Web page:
U-19 WC: Bethell's 88, Ahmed's four-for lift England to semi-finals
England 212 for 4 (Bethell 88, Luxton 47*, Brevis 2-40) beat South Africa 209 all out (Brevis 97, Rehan 4-48) by six wickets
Bethell scored 76 of his 88 runs in boundaries, hitting 16 fours and two sixes. His blitz took England to 104 for no loss at the end of their powerplay, and even though he fell in the 11th over, his innings allowed the rest of England's batters to sail smoothly over the line. William Luxton, the No. 5, struck an unbeaten 41-ball 47 - including a six to win the game - after Bethell's dismissal.
Bethell had already provided England with a flying start when he struck Matthew Boast for two fours in the opening over, and he went even better in Boast's second over, hitting four boundaries in four balls - two pulls and two drives. A straight hit for four through mid-on brought up his fifty in just 20 balls in the sixth over.
The Barbados-born Bethell, who is England's vice-captain, found the boundary in every over he spent in the middle. He was unafraid to play the reverse sweep and had contributed 83 by the time England's opening stand crossed 100. His success allowed George Thomas, who faced far fewer balls in their partnership, to go at his own pace.
Even though Bethell's innings, which came at a strike rate of 209.52, expedited the win, England's position in the contest was set up by their bowlers, led by Rehan's four-for. He first had South Africa captain George Van Heerden top-edging a sweep before rattling Andile Simelane's stumps with a yorker. He followed that up with the wicket of Michael Copeland to leave South Africa 136 for 5, before returning to take the final South Africa wicket and finish with 4 for 48.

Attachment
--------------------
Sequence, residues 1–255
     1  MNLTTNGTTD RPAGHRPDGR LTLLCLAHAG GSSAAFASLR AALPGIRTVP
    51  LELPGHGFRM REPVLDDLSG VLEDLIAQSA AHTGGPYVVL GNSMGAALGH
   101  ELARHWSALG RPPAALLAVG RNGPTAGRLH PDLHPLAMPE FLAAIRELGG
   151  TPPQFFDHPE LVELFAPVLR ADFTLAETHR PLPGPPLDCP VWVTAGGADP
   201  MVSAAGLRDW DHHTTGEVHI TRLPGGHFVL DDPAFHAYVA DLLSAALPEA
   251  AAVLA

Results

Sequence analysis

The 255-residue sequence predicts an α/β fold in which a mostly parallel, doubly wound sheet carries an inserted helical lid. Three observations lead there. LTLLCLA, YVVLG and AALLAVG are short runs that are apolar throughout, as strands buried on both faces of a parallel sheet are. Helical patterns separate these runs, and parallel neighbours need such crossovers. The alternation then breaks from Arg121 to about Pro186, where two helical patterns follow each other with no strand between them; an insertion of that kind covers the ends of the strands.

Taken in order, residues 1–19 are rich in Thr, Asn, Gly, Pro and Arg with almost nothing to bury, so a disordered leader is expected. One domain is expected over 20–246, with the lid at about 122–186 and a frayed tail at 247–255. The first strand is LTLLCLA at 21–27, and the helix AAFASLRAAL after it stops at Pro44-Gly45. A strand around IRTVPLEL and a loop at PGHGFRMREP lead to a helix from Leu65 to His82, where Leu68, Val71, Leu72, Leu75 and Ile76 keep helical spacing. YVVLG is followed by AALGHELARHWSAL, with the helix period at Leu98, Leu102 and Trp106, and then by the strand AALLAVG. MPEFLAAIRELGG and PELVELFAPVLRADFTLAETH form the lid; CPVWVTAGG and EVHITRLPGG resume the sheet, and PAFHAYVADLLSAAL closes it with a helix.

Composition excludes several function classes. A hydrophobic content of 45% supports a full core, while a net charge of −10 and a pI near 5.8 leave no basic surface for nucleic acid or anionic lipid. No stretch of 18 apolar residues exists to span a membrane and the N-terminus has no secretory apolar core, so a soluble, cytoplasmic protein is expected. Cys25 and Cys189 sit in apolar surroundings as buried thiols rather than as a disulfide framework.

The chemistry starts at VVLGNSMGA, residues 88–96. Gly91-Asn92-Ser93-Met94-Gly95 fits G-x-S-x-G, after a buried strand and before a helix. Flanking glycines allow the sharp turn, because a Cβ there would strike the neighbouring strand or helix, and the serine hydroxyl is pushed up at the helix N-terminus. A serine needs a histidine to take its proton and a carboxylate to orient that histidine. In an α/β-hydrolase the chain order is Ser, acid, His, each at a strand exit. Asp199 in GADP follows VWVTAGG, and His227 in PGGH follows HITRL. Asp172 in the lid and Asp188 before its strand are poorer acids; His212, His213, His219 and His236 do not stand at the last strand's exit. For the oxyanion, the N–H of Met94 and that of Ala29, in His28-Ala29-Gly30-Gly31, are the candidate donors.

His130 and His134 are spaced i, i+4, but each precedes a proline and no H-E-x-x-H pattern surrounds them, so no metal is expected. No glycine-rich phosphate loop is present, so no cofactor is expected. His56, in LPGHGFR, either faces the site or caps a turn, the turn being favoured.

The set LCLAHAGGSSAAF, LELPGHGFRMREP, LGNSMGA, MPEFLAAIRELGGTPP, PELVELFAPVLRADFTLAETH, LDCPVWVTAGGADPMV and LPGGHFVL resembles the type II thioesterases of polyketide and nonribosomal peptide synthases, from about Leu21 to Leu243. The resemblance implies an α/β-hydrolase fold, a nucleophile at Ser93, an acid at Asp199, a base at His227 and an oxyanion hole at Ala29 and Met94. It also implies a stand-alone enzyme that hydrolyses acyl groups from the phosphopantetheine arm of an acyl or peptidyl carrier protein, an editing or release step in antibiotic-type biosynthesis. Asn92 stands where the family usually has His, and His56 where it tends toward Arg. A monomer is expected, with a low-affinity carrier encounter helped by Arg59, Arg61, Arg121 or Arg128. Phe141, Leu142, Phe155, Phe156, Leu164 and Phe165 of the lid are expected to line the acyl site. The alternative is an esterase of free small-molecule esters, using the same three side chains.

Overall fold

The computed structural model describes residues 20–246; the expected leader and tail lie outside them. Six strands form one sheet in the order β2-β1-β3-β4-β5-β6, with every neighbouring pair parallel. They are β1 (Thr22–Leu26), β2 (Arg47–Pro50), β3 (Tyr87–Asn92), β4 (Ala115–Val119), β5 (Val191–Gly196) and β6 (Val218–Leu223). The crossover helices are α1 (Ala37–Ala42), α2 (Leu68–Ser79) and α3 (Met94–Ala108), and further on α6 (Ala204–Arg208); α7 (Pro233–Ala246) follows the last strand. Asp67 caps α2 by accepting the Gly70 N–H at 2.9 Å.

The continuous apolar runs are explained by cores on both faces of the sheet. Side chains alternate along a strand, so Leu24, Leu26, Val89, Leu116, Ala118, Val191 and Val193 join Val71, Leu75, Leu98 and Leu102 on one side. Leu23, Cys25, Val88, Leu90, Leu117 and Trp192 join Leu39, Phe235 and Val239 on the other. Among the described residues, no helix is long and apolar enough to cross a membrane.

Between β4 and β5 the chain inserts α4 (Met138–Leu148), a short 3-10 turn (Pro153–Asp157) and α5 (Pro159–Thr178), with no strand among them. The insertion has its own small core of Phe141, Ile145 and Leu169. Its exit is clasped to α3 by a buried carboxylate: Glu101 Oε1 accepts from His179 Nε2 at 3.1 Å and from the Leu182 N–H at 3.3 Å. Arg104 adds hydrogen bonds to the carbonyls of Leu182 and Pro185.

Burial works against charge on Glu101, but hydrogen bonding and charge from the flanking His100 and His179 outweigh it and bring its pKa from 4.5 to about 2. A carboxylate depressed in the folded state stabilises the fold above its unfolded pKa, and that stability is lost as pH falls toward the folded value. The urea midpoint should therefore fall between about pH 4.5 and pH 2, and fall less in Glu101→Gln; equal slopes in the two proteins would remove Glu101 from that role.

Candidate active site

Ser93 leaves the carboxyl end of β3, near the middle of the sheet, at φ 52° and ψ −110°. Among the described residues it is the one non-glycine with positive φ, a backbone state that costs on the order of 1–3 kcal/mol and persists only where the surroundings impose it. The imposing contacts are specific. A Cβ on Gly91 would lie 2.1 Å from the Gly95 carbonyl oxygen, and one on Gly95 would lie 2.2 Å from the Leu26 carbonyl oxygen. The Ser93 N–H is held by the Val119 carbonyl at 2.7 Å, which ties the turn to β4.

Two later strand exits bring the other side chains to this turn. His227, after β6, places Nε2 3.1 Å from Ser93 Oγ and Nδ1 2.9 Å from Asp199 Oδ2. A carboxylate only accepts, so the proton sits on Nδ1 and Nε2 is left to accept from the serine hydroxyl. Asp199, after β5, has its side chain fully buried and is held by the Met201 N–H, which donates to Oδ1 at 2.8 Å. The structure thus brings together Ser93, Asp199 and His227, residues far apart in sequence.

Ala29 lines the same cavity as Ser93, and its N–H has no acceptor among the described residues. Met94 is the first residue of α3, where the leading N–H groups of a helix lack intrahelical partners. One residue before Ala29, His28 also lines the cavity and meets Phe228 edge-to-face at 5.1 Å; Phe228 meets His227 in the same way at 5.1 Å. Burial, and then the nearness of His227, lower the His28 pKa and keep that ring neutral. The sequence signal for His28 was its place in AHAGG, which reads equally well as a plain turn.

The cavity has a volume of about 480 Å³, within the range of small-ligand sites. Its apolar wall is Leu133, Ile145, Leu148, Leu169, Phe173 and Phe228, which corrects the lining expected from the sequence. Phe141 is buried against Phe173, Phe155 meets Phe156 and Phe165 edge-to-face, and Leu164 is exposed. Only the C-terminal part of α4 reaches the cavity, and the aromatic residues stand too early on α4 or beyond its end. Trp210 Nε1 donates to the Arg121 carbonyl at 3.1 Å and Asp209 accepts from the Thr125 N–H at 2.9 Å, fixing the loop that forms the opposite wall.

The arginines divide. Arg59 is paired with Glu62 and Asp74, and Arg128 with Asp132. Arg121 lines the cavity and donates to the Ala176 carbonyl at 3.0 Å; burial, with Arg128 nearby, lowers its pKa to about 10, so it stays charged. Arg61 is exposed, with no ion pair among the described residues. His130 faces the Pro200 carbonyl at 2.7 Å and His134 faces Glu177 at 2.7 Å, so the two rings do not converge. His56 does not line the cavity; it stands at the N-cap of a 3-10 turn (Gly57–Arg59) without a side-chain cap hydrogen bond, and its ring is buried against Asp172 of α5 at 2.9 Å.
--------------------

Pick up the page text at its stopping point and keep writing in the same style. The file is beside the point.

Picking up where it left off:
Dewald Brevis' 97 went in vain for South Africa against England ICC via Getty
That South Africa reached 209 was courtesy the tournament's most consistent batter. Brevis had struck 65, 104 and 96 in the group stage, and in the quarter-final he played a lone hand of 97. Coming in at 11 for 1, he began attacking from the start, and ended up hitting nine fours and four sixes in his 88-ball innings. He was the only batter who dominated England's bowling, using his strong build to go over the top too. After he fell three short of his second century of the tournament, No. 9 Boast (22) and No. 11 Asakhe Tsaka (18) lifted South Africa to 209.
England will now face either Sri Lanka or Afghanistan in the semi-final.
West Indies 317 for 7 (Nandu 128, Parris 64, Wickham 61*, Ray 3-43) beat Papua New Guinea 148 all out (Oru 27, Nandu 2-17, Thorne 2-30) by 169 runs
Nandu first put on a 155-run opening stand with Shaqkere Parris, who made 64, before following it up with a 107-run third-wicket stand with Kevin Wickham (61*). That took West Indies to 298 for 3. By the time Nandu fell in the 49th over, and despite losing five more wickets in the last ten balls of the innings, West Indies finished on an imposing 317 for 7.
The six West Indies bowlers then bowled PNG out for 148, with extras (34) being the highest contributor in the chase. Aue Oru, the No. 6 was not out on 27 with six PNG batters finishing with single-digit scores. Nandu, high on confidence after his 128, then returned as the pick of the West Indies bowlers to take 2 for 14 in his six overs of offspin.
Zimbabwe 248 all out (Welch 78, B Bennett 54, Jarvis 3-46) beat Scotland 140 all out (Mackintosh 25, D Bennett 3-25, Mitchell 3-28) by 108 runs
Zimbabwe's innings was set up by the 78 from opener Matthew Welch and Brian Bennett's 54 from No. 4. Before his three-for, David Bennett scored a handy 41-ball 35, and despite a lower-order collapse, the hosts finished on 248. Welch, who scored seven fours and a six in his 117-ball stay, put on 112 for the second wicket with Brian Bennett to lay the foundation in the Zimbabwe innings.
Scotland lost five wickets by the time they reached 102. Mitchell then ran through the lower-middle order with three scalps, and David Bennett cleaned up the tail to end Scotland's challenge in the 39th over. Tomas Mackintosh (25) and Jack Jarvis (24) top-scored in Scotland's 140.
Sreshth Shah is a sub-editor at ESPNcricinfo. @sreshthx